Major transitions are part of life. Retirement, an empty nest or the inability to do things you once could can destabilise your sense of self. Feeling disorientated by these changes is not uncommon, living in the “in-between” phase between identities can be uncomfortable. Enter therapy. Therapy can give you a sense of direction as you work on ways to redefine yourself. It gives you the tools to make new connections with other people. A therapist can give you permission to re-evaluate your life and get clear about your options, an unbiased source of validation, support, and compassion during this tumultuous time of change.
Therapy can support you if you’re grieving a loss —
Loss can happen at any age and stage of life. But the longer you live, the greater the odds of you facing a significant loss. It need not be death, it could be children growing up and moving out of the house, friends moving away, loss of a pet or loved ones passing away. Important and meaningful relationships and phases of your life tend to draw to a natural close. Unfortunately, the gut wrenching feeling of grief is unavoidable. A good therapist will support you and help you process sorrow and regret in a positive and constructive way.
Therapy can be especially beneficial in dealing with the aftermath of COVID-19 —
We’ve been living through uncharted territory for the last three years. These unprecedented times since the beginning of the COVID-19 pandemic have seen a drastic rise in mental health conditions and the need for therapy. People are unsure, scared, worried, numb and some don’t even know what to feel. We have seen the world be brought to its knees, seen death and loss like no other, experienced pangs of loneliness at a stretch and so many missed opportunities. Dealing with all of this at once can be overwhelming to say the least. Even if you didn’t lose anyone close to you, you might be grieving for other reasons like a missed opportunity, a lost job or just life as we knew it. Grieving takes time. While things are slowly returning to “normal” it is going to take a while to recover from everything that has transpired.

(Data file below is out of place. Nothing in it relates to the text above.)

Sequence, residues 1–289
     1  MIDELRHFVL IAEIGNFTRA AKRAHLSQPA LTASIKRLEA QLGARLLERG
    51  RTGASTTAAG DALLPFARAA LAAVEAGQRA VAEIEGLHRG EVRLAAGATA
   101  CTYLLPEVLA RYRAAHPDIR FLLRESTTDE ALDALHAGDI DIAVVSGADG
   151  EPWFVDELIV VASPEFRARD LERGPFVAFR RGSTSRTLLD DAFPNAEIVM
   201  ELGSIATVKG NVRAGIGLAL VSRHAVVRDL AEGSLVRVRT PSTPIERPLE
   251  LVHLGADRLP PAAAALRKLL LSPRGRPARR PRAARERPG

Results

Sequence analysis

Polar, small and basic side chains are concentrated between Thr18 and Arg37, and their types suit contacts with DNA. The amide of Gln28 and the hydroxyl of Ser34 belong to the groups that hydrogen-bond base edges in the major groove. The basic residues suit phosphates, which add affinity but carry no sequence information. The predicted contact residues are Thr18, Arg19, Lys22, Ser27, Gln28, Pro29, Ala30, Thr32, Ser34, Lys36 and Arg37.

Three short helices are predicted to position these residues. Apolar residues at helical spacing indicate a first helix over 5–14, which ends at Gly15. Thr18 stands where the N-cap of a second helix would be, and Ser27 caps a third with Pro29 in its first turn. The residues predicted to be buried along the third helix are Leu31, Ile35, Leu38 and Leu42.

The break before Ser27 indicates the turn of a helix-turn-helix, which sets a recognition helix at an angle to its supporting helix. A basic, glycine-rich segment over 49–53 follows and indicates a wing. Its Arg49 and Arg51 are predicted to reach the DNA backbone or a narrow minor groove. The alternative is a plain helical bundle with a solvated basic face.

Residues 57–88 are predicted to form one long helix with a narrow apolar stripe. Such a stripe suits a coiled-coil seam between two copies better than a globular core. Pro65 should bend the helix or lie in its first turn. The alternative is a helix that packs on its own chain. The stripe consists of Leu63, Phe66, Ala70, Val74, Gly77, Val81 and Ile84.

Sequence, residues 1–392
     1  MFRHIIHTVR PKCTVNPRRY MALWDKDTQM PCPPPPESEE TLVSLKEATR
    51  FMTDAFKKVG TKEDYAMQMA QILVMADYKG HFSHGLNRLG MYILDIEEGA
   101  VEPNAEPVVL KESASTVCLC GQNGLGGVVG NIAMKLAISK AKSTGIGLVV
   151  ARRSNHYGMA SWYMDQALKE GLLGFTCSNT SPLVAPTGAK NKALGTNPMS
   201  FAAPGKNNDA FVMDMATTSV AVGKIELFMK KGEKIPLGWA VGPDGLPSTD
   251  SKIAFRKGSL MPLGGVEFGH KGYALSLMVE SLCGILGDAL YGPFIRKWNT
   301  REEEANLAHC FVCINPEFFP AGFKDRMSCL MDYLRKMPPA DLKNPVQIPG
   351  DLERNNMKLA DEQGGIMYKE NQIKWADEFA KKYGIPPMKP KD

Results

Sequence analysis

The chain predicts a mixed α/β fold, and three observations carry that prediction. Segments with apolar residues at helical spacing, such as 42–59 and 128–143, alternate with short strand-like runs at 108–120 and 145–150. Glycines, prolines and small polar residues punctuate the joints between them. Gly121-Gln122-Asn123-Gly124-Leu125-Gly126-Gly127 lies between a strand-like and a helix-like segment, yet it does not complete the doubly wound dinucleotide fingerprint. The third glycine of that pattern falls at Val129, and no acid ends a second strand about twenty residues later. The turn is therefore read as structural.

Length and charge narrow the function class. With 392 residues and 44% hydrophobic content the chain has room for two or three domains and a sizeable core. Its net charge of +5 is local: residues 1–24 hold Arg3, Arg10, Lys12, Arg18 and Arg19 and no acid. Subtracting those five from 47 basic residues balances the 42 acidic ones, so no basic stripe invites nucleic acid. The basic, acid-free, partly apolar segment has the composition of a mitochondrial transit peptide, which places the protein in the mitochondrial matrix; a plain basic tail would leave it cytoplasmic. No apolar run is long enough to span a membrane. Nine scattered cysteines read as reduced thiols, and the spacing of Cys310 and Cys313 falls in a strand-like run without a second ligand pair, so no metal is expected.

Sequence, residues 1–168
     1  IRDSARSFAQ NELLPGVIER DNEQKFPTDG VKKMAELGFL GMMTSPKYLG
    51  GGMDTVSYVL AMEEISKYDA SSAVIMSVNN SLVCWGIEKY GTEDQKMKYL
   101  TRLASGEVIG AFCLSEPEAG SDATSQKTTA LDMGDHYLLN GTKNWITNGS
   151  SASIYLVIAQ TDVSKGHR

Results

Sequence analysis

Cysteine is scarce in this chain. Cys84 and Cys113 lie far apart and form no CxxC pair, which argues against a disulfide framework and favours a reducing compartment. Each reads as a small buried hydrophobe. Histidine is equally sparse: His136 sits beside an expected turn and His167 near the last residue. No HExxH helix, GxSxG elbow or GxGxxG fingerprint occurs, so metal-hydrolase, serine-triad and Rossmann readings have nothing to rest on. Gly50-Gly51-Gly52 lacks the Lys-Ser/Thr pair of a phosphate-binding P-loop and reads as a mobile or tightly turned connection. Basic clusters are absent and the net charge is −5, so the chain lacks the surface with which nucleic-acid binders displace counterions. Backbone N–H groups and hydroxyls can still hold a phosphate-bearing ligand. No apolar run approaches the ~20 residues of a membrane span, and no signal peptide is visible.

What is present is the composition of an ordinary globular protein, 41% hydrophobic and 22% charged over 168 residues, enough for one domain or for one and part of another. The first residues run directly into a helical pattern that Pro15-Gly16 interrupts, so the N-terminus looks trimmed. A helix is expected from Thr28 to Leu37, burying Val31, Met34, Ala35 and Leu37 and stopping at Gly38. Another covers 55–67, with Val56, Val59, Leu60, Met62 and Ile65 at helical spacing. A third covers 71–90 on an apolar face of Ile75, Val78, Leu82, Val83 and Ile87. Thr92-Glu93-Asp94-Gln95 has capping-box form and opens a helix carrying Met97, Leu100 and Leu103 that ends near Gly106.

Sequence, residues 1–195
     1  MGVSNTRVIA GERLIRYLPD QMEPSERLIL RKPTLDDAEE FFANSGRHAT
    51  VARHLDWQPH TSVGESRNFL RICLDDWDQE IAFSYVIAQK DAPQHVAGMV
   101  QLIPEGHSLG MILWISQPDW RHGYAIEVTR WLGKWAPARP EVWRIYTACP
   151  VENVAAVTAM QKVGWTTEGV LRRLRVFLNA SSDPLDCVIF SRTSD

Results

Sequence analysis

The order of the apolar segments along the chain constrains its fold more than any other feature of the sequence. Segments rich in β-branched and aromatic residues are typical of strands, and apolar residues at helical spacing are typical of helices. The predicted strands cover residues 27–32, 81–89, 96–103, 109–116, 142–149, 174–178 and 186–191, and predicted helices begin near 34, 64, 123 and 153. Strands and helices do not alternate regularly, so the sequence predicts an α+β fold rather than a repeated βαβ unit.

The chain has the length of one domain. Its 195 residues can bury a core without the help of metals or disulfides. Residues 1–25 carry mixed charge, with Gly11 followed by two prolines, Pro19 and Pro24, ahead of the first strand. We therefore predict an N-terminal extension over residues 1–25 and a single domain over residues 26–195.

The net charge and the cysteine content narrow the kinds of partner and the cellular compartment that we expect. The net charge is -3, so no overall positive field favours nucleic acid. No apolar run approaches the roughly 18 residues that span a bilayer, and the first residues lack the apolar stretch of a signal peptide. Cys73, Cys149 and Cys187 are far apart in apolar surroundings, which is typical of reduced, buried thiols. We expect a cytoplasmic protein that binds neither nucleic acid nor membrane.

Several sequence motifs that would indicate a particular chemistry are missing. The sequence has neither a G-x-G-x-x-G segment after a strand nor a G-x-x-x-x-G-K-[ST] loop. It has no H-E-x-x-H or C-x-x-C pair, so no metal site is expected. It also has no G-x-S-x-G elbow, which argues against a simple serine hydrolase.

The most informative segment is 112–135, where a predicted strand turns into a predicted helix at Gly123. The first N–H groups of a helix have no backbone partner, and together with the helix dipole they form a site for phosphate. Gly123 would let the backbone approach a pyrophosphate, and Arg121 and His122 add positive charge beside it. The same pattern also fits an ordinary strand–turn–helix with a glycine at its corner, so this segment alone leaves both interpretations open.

There are lots of reasons to start therapy, and all of them are equally valid —
Yes, people might be most inclined to reach out to a therapist when they’re in crisis or during stressful life events. But the definition of “stressful life event” is a little different for everyone. We all have unique triggers and life experiences. For example, seeking therapy after the loss of my dog got me more than one raised eyebrow from people I told. It’s also OK to start therapy just because you think you need a little extra help, even if you’re not sure why. Plenty of people do come to therapy to understand themselves better, to work through areas that are more difficult, and to improve their ability to thrive and cope with adversity.
It is okay to not feel okay. As we age, we tend to develop a better understanding of the world around us and even ourselves but that doesn’t make us invincible to change.
Whether you’re coping with grief, trauma, relationship issues, change or you just need someone to vent, finding a helpful therapist can make a big difference in your journey.
“I can’t see a way through,” said the boy,
“Can you see the next step?”
“Just take that,” said the horse.
Quote taken from the book- The Boy, the Mole, the Fox and the Horse by Charlie Mackesy.
The thought of going to therapy might be a hard pill to swallow, but just take it one step at a time. Scheduling an appointment is a great start and take it from there.